Mad About Paris, Much more than a guide
Picasso called Cézanne “the father of us all”. Because he was clearly the forerunner of all great modern artists. But here comes another, unexpected Cézanne: the Musée de Luxembourg is showing “Cézanne and Paris”.
If you had to associate Cézanne to a region, or a city, you would definitely pick the Provence and Avignon. Think about the famous paintings of the Montage Saint-Victoire. Think about the South of France and most of all of the light there, which so deeply influenced his work. But strangely, Cézanne spent at least as much time in Paris and its surrounding area as he did down South. More surprisingly: Half of his 954 paintings were painted in and around Paris.
“Cézanne and Paris” is not showing the paintings we all know. It’s more a Cézanne off the beaten track on display here. The intention of this exhibition is to show how Paris influenced Cézanne and his work. How the city made the artist.
It was Emile Zola, the writer, who left Avignon first. And he invited his friend to follow him. He wasn’t promising him wealth and glory, but the excitement of a poor, but bohemian life. A place to conquer.
Cezanne arrived in 1861 and over two decades Paris was the epicentre of his life and his work. When he first visited the Louvre, he said, “the Louvre is the book which teaches us to read”. But then he closed the book and reinvented representation.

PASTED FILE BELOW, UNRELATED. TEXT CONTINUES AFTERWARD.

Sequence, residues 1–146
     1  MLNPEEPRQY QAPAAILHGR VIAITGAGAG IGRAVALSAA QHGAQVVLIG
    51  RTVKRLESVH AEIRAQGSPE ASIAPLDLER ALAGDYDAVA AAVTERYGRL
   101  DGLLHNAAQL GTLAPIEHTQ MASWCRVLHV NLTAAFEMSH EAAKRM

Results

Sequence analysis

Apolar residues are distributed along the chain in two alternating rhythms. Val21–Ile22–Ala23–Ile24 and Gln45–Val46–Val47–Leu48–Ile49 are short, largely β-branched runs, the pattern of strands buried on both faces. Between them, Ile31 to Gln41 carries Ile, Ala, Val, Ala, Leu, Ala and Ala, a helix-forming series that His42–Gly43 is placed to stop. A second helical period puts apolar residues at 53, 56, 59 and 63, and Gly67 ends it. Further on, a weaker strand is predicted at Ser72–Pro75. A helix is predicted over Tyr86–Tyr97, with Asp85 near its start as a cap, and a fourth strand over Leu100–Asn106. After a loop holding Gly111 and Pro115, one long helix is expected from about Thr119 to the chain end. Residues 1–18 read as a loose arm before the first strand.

Once in Paris, Cezanne was pretty restless, often left the city for the countryside and moved nearly twenty times. Now you might ask if he painted a lot of views of Paris. Not at all. He seldom painted the city. But he very much loved the banks of the Marne. Imagine, at the end of his life there was the Eiffel Tower, strikingly beautiful, perturbing, but Cézanne preferred to paint apples, simple apples in front of wallpaper, that was his pursuit of modernity.
But there are a few notable exceptions: the wonderful “Rue des Saules” in Montmartre, for example, where Cézanne had set up his easel. But even Montmartre looks strangely deserted. He sees Paris more as a landscape then as a place of civilisation, history and exchange. The Paris of Cézanne is a Paris of structures, of roofs, of shade of greys, but not a city of human beings.
In this exhibition you can really discover unknown aspects of his work. It shows that Cézanne loved nature, but needed the stimulus of the city to progress and to succeed in making “Impressionism a solid, lasting thing as museum art”.Cézanne et Paris – From 12 October 2011 – 26 February 2012 – FINISHED!!